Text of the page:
Personally, I really liked the review. It’s a rarely-seen insight that treats the concert as a progression; providing the extra info about Coachella adds a lot, sort of like providing the dvd commentary to add some depth to the whole thing. I’m a huge Cure fan, and I love reading about their tours, which songs get switched out for other songs, encores, rarely-played songs, etc, even if I’m not at any of the shows. I can imagine there are a lot of McCartney fans who appreciate that added depth as well.

    So, keep on watching and writing, McNutt. And Barb, it’s truly wonderful that you enjoyed the concert so much and had a meaningful experience; try not to spoil that by treating other people so lowly, ok? ;)

    Give peace a chance,


  4. Wow McNutt, super harsh response from ‘ol Barb. I enjoyed your insight as always and your comparison to Coachella. Thanks!

  5. Pingback: Top Posts «·

  6. I’ve never thought of “A Day in the Life” as a Lennon song. I always firmly believed it was a true collaboration between Lennon and McCartney. That being said, I don’t know how that song can be authentically performed by just McCartney.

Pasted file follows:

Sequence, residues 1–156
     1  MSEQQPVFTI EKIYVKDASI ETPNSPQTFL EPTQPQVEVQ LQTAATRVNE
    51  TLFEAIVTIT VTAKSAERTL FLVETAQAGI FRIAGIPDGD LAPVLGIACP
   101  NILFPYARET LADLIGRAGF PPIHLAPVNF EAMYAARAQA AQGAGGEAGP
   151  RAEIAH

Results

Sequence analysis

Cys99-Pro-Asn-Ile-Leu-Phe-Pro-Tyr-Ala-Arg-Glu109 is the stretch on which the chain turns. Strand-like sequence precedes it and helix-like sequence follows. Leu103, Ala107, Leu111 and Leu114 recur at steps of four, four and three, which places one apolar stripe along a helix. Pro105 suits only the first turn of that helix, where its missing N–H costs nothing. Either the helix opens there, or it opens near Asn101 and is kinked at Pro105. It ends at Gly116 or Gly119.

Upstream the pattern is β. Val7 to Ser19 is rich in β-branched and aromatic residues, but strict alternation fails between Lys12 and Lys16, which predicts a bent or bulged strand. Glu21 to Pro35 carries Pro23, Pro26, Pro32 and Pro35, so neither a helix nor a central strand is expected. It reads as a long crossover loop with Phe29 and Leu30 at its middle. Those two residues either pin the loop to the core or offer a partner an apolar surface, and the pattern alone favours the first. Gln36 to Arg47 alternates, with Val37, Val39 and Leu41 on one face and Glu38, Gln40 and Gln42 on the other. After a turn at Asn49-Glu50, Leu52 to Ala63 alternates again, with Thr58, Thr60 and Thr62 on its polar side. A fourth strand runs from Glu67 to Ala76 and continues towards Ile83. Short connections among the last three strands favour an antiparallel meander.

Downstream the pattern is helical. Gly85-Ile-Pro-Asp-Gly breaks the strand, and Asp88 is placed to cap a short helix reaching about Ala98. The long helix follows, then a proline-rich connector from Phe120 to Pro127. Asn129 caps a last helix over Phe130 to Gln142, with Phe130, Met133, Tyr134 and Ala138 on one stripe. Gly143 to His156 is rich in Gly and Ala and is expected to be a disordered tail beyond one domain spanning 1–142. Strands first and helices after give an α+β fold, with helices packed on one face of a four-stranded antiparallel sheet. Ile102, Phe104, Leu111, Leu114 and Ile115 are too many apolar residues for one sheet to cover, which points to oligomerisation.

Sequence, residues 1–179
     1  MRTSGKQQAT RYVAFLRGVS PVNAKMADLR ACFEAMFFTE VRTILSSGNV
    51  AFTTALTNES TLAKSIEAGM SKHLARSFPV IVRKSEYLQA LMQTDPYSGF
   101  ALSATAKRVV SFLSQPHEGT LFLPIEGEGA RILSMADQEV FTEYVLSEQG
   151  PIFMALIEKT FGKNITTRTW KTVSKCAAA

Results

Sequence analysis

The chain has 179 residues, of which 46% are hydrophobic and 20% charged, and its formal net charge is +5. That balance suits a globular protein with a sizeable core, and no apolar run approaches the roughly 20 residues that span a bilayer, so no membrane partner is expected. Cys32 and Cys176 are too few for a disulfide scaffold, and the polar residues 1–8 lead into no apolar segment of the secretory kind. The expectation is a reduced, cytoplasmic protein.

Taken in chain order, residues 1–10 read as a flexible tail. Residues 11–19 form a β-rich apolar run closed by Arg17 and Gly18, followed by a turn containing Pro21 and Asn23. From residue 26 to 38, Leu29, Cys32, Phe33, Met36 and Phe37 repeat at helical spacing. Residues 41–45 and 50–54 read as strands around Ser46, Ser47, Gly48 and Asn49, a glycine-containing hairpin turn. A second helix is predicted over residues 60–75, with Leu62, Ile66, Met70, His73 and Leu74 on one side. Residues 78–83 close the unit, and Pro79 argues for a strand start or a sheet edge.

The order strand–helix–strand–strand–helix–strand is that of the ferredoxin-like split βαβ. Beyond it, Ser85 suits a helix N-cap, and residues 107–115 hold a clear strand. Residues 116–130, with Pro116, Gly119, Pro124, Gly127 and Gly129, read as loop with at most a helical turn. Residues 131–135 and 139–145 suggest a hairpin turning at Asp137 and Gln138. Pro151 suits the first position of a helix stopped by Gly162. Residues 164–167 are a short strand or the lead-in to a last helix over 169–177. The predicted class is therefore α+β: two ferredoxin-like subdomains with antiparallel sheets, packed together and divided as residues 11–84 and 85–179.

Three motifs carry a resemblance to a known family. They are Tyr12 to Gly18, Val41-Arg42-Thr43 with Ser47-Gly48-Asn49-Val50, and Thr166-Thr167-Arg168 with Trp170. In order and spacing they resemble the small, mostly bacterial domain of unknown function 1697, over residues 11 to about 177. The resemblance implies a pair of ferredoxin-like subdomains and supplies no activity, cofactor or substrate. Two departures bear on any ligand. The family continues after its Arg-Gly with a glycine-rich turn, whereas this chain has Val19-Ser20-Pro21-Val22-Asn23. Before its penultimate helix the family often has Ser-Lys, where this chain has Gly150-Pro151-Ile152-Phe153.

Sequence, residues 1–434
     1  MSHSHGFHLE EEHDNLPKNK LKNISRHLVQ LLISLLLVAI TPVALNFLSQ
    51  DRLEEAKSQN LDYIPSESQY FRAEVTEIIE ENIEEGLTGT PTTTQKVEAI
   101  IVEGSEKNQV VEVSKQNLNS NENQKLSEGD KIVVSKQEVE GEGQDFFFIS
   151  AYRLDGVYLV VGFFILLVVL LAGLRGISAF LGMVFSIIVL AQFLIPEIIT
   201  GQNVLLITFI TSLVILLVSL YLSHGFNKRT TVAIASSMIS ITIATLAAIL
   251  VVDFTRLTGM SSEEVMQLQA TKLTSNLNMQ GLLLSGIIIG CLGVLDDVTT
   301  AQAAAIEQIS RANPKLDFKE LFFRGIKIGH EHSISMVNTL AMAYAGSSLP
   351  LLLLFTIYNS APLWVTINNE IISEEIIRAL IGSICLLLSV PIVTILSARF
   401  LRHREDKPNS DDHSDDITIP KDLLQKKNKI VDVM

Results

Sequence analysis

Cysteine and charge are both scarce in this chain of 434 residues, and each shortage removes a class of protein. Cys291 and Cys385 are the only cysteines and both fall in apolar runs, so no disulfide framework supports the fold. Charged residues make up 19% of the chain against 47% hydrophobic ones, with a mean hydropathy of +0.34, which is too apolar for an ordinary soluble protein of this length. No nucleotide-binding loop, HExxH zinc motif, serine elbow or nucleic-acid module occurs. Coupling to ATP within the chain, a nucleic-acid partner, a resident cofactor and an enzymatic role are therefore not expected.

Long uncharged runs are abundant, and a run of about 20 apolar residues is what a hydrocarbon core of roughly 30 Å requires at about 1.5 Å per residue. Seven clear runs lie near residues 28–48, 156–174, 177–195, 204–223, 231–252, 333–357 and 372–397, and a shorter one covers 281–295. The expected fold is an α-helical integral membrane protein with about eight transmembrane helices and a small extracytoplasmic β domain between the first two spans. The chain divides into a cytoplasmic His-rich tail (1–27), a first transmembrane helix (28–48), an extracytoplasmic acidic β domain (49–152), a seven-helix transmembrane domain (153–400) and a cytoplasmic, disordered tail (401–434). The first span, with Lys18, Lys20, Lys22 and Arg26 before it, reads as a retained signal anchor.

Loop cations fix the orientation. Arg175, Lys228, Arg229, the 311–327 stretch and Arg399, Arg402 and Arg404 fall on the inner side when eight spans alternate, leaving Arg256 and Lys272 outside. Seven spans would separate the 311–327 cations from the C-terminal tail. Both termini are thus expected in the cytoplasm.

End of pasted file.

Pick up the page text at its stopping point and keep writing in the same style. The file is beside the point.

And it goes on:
I’m sad that I didn’t get to go to the concert, and I’m jealous that you got to see him TWICE this year. Screw Barb. You just got to have double the experience everyone else wanted, and you worked for it.


  7. Todd Compton, in a well-researched article in the Journal of Popular Culture (1988) on the authorship of the Lennon-McCartney canon, presents strong evidence that McCartney was the major author of “In My Life.” Highest probability appears to be that Lennon wrote the words and McCartney at least the harmony and the middle eight but very likely the entire melody. If so, he has no less right to perform it than anyone else, and more than anyone accept John. The Compton article is probably the definitive piece on evidence-based attribution of authorship of Beatles songs. If anyone wants a copy, I can send it along. You can find my email on the web site of the University of Vermont; if you’d like a copy of the Compton piece, just ask. Cheers–Daniel Fogel

  8. The first comment also prompted me to reply, just to say that I am going to one of the concerts in Boston in August and was looking for a review and setlist from recent shows and found this review helpful and informational. Take care!

  9. Pingback: …in which McNutt gives some sober thought to the Halifax concert scandal hangover « McNutt Against the Music·